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Heads of terms - the benefits and dangers

View profile for Sophie Read
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Heads of terms are usually intended to be a non-binding record of the main commercial terms agreed between the parties in relation to a particular transaction, setting out what the parties wish to happen, the structure as to how that should happen and the timescales for achieving it.

The benefits

The heads of terms should be prepared and negotiated at the outset and prior to legal documentation being prepared.

Typically, the parties themselves or their agents will prepare and negotiate the heads of terms, not legal advisers. But in our opinion the party’s respective legal advisers should still always be given the opportunity to review the heads of terms and advise on them before they are agreed, not least so that they can explain any legal implications of the proposed terms, any potential dangers (see below) and spot anything that may have been missed.

Once agreed by the parties, the heads of terms will then be used by the legal advisers as the basis on which to draft the transactional legal documents and to speed up the drafting process. Having a set of detailed heads of terms from the outset will also usually streamline the subsequent negotiations as the likely issues will be drawn out at the start and the parties are less likely to try and resile on those terms at a later date if they are recorded in the heads of terms.

The dangers

Whilst it is important to have heads of terms, it’s equally important that the heads of terms don’t inadvertently create a legally binding agreement between the parties.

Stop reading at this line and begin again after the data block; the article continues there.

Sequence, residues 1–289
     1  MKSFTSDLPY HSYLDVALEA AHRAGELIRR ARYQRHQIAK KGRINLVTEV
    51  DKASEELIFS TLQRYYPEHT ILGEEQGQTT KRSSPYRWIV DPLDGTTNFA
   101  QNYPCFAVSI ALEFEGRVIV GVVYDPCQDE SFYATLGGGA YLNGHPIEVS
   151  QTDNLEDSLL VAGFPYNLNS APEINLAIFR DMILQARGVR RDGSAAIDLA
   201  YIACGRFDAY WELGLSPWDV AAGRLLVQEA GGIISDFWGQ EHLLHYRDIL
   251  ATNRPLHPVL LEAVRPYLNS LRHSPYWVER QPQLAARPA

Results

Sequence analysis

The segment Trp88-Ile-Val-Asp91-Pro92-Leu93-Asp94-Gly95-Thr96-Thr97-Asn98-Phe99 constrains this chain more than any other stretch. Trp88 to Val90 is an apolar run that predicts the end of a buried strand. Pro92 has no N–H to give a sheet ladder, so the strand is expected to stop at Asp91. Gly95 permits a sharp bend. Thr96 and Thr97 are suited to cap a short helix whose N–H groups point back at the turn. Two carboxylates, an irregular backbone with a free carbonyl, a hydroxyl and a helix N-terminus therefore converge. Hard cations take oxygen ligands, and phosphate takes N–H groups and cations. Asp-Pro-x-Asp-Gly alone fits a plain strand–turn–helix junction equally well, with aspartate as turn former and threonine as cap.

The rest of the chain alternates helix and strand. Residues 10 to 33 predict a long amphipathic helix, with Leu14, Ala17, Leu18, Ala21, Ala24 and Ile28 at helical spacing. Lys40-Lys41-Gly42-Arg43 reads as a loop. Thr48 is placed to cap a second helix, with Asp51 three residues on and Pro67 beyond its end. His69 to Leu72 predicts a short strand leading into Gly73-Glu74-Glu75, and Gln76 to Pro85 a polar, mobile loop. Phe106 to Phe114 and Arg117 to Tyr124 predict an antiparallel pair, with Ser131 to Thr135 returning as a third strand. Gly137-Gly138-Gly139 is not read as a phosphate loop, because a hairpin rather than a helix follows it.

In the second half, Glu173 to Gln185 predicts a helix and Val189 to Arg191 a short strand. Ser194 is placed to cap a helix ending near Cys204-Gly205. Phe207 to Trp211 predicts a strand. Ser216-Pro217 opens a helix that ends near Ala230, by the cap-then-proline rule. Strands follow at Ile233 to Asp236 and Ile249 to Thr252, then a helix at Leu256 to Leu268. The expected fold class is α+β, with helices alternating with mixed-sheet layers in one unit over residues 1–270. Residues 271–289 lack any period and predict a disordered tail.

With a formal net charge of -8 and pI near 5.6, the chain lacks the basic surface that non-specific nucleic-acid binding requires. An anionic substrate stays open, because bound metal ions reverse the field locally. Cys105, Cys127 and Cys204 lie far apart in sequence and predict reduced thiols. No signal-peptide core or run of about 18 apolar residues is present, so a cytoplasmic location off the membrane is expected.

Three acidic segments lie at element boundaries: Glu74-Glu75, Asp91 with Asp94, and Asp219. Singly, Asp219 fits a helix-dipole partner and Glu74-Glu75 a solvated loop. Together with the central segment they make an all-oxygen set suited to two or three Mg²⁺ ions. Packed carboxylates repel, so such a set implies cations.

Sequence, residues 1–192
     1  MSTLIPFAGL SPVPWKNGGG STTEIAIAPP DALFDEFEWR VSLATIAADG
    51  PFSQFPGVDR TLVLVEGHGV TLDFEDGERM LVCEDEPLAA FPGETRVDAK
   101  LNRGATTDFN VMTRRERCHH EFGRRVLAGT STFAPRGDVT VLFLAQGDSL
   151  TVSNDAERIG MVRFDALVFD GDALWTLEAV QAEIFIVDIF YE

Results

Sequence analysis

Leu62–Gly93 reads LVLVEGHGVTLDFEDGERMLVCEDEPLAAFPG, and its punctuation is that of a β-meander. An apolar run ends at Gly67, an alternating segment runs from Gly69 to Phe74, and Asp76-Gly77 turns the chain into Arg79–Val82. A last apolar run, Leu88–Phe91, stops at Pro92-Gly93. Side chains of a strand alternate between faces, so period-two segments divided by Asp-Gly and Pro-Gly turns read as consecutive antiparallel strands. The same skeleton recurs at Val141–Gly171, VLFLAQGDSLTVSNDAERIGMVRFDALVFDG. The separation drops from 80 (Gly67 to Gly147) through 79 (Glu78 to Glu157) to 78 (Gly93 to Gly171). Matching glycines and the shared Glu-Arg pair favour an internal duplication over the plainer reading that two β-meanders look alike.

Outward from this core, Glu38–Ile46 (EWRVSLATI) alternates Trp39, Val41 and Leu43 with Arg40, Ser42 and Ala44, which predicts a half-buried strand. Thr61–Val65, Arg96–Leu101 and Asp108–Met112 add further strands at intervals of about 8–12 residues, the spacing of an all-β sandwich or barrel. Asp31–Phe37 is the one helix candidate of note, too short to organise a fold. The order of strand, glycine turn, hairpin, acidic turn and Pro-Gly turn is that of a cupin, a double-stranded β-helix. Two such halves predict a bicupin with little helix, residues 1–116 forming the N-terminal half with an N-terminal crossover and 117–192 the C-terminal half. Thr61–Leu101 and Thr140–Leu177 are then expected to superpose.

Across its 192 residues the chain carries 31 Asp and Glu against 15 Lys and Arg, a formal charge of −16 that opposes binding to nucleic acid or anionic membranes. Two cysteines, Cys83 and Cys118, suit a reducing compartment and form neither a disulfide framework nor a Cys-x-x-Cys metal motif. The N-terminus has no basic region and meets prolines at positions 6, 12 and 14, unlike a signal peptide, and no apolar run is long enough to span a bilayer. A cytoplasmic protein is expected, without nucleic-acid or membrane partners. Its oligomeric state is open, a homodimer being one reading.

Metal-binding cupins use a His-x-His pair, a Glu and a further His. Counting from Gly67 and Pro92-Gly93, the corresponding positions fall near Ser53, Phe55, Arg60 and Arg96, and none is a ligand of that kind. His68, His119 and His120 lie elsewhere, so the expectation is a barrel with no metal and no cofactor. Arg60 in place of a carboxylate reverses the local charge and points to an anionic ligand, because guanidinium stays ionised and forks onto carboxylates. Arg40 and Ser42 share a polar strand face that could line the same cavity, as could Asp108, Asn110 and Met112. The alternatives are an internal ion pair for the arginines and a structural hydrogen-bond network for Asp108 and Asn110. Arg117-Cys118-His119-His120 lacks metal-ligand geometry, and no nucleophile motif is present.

In the context of property transactions, for a binding contract to come into effect the agreement must satisfy both the following requirements:

Section 2 of the Law of Property (Miscellaneous Provisions) Act 1989 (LP(MP)A 1989):

  • be in writing;
  • incorporate all the terms that the parties have expressly agreed; and
  • be signed by or on behalf of each party.

The general contract law requirements which require:

  • offer;
  • acceptance;
  • consideration; and
  • intention to create legal relations.

The heads of terms could quite easily, unintentionally, satisfy the formality requirements of Section 2 LP(MP)A 1989 above. Therefore, to make the intention of the parties clear, so that the general contract law requirement for there to be an intention to create binding legal relations isn’t also satisfied, the parties should mark the heads of terms as “subject to contract” and include a statement that the provisions are not intended to be legally binding.

Any terms which the parties do intend to be binding, such as an agreement for a period of exclusivity, should then be documented elsewhere, for example, by way of a separate exclusivity agreement.

This blog is intended to provide general information only. If you are looking for advice, please call 01926 954694 and speak to a member of our team.